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Ep. 29: Kitarō confronts a kyōkotsu
Source: TV
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Sketches: 2
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Added 7/10/2019
Updated 3/27/2022
Episode 29 (Neko-Mesume’s Yōkai Bus Tour). This episode deals with an effort by the cat-girl character to pass as human by finding a job that will give her an identity and a purpose in everyday life. So she offers to serve as a tour guide for schoolchildren visiting picturesque places, like the hot-springs region where this story takes place. Not surprisingly, destinations with hot springs are volcanic in nature, thus rife with yōkai, and so trouble is sure to happen.

The “guest” yōkai in this episode is a kyōkotsu [狂骨], a term literally translating to “Crazy Bones.” In the story, he is accidentally summoned when some mischievous children on the tour throw stones into an ancient well, awakening the sleeping spirit of a corpse whose remains had been dumped there many years ago. (A similar motif appears in the Japanese horror film Ringu .) The wraith manifests as a vengeful ghost, full of anger both for the lack of respect shown his remains and for the new act of disdain. The kyōkotsu spirits away the children who awakened him, and then targets others until Kitarō intervenes and uses his magic to lay the offended spirit and rescue the endangered kids.

Courtesy: the Gegege no Kitaro Wiki.

The lot that I obtained contained images from four cuts, all near the end of the episode judging from the annotations on the sketches and summaries posted on Japanese websites. This is the first of these, Scene 29, cut 47 according to the annotation on the top of the sketch, showing Kitarō sliding into the frame from the right while the kyōkotsu looms in gigantic form out of a grove of trees. A similar sketch is added in the thumbnail: it shows our hero beginning to dash toward the yōkai as a miasma appears to form around him.


This episode was directed by Morio Hatano [畑野森生], who entered the directing slot with One Piece and worked on (among others) Kaidan Restaurant (2009-10) and Saint Saiya Omega (2012-14). He has continued to work on the Kitarō franchise, also directing episodes for the new 2018 series. His most visible assignment, however, has been serving as one of the senior directors for Dragon Ball Super (2015-18).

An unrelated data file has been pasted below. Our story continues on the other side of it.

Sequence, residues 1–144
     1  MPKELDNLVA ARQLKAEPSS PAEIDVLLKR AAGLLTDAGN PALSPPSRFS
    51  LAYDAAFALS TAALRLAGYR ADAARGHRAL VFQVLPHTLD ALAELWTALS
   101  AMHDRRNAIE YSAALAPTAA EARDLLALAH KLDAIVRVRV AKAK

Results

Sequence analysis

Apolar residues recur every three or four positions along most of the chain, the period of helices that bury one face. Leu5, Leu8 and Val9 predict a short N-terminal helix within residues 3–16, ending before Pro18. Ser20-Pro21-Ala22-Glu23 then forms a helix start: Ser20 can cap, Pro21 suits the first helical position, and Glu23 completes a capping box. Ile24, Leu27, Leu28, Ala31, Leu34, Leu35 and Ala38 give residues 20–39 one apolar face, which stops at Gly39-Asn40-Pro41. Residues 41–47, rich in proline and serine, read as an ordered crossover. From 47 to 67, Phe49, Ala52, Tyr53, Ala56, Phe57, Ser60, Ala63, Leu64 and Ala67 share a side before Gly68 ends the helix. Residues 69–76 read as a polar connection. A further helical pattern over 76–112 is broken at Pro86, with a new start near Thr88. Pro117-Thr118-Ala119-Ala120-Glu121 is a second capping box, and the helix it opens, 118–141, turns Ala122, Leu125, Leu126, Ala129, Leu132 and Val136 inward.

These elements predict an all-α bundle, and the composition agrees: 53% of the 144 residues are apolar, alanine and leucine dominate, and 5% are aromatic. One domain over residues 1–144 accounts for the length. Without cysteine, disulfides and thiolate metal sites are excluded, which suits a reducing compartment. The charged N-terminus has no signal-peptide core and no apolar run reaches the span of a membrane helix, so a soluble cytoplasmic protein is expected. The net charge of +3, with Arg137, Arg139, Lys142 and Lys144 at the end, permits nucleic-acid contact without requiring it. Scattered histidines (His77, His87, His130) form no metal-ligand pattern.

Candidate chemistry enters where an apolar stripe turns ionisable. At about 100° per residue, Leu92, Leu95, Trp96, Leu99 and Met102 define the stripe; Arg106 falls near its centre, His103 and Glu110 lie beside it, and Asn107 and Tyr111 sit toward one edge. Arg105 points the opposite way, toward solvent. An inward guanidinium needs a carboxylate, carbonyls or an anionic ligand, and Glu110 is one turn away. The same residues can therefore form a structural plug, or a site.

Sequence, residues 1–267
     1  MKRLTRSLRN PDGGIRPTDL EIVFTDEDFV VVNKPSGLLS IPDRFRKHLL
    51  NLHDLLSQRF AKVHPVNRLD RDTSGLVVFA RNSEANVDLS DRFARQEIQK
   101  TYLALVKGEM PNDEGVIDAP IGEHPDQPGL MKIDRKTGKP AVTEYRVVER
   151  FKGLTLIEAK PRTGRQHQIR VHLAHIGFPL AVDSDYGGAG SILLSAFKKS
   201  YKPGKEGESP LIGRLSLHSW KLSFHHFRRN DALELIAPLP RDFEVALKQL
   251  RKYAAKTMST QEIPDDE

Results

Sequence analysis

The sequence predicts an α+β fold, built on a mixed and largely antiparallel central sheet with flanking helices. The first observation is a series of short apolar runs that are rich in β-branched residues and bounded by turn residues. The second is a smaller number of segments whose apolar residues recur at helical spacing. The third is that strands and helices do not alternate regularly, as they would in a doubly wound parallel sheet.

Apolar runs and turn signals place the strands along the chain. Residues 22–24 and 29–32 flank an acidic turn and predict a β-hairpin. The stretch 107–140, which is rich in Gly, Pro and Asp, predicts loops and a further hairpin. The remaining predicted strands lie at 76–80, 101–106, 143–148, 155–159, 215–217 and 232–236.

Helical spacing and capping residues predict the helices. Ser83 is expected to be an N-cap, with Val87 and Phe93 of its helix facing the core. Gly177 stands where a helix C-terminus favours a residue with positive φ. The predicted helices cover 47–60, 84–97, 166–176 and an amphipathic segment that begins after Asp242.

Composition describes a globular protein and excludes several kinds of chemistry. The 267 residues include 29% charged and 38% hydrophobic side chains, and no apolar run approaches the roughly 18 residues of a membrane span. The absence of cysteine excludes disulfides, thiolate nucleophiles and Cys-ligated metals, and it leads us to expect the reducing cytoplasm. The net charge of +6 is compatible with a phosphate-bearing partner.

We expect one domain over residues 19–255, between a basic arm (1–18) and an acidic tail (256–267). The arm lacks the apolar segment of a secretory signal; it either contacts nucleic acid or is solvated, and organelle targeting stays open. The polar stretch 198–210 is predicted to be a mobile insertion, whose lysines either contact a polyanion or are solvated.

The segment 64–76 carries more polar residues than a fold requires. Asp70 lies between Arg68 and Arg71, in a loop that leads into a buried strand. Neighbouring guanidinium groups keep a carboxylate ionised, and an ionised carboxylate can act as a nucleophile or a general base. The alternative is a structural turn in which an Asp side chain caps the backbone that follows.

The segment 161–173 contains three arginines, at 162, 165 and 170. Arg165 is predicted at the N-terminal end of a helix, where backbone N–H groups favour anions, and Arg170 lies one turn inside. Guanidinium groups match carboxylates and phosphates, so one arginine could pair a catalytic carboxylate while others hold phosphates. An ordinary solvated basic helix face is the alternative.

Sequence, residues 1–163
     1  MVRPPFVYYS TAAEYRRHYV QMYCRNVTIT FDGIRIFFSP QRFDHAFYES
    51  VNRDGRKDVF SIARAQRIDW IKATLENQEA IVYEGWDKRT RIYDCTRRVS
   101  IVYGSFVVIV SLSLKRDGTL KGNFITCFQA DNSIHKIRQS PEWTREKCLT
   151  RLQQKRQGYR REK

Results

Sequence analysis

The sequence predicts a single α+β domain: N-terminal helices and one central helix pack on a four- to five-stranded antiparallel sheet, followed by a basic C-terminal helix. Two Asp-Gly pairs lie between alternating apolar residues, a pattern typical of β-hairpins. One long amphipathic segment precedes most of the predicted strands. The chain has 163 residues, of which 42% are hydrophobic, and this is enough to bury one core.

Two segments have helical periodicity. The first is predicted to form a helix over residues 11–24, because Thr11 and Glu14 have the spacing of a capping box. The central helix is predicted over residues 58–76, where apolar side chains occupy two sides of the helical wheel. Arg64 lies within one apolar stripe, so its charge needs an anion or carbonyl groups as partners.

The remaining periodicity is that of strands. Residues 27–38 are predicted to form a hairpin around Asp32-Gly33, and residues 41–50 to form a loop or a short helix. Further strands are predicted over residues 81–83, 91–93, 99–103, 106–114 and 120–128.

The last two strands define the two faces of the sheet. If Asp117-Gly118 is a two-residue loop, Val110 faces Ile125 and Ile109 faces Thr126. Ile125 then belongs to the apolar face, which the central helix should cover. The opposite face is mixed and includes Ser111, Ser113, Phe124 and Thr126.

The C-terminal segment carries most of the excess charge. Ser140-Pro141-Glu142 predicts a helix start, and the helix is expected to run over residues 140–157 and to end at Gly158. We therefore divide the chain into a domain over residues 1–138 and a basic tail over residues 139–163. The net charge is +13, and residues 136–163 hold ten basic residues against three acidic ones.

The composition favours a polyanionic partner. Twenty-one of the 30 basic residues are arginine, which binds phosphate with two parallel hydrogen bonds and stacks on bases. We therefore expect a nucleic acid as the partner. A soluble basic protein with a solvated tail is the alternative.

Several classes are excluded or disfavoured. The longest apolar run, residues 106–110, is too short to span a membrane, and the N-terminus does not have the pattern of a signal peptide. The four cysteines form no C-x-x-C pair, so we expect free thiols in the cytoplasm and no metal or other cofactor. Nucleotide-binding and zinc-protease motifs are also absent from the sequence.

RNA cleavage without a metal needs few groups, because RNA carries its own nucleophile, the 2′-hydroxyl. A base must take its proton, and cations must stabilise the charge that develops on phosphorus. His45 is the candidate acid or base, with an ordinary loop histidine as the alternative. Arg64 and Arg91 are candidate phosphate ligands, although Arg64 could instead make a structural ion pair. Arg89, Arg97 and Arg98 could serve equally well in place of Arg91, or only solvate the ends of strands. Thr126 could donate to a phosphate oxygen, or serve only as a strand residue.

Episode animation director was Tomoko Itō [伊藤智子], a Toei regular who first served in this role for the 1994-95 Marmalade Boy. She has contributed to many of the studio’s projects since, including both key animation and episode animation direction for Digimon, Inuyasha, Precure, and, most recently, Super Lovers (2016-17).


The kyōkotsu is a semi-authentic piece of Japanese lore, appearing in Toriyama Sekien’s 18th-century yōkai encyclopedia “Konjyaku Hyaku Kishui” or “Supplement to the Hundred Demons of the Past.” His depiction of this entity shows a skeletal figure rising from a well, apparently draped in a burial kimono but otherwise made up of bare bones and locks of white hair.

The text printed on the woodblock reads, “Kyōkotsu rise from the bones in the well. It is said that whosoever commits the horrendous act of abandoning august bones will find it impossible to abandon the horrendous wrath that follows.”

Actually, yōkai scholar Zack Davisson notes that Sekien probably invented this legend. While compiling a second sequel to his enormously popular Gazu Hyakki Yagyō (1776), he apparently was running low on authentic folk material. So he began to manufacture “new” yōkai legends to fill out his catalog. The term “kyōkotsu” is a regional dialect term referring to a fit of violent anger, but ethnographers have found no variants of any legend describing a supernatural “crazy bones” entity.

Probably, Davisson says, Sekien invented the story in a folkloresque way, working up the regional idiom "crazy bones" = "sudden bout of rage" with similar-sounding folk terms that refer to “bare bones” and “rising up from the depths.” Many genuine Japanese folk legends deal with the restless spirits of those who by accident, suicide, or murder, ended up in the bottom of a well. (The Ringu motif again.) And supernatural demons in the form of skeletons likewise are a real factor in many Japanese sagas.

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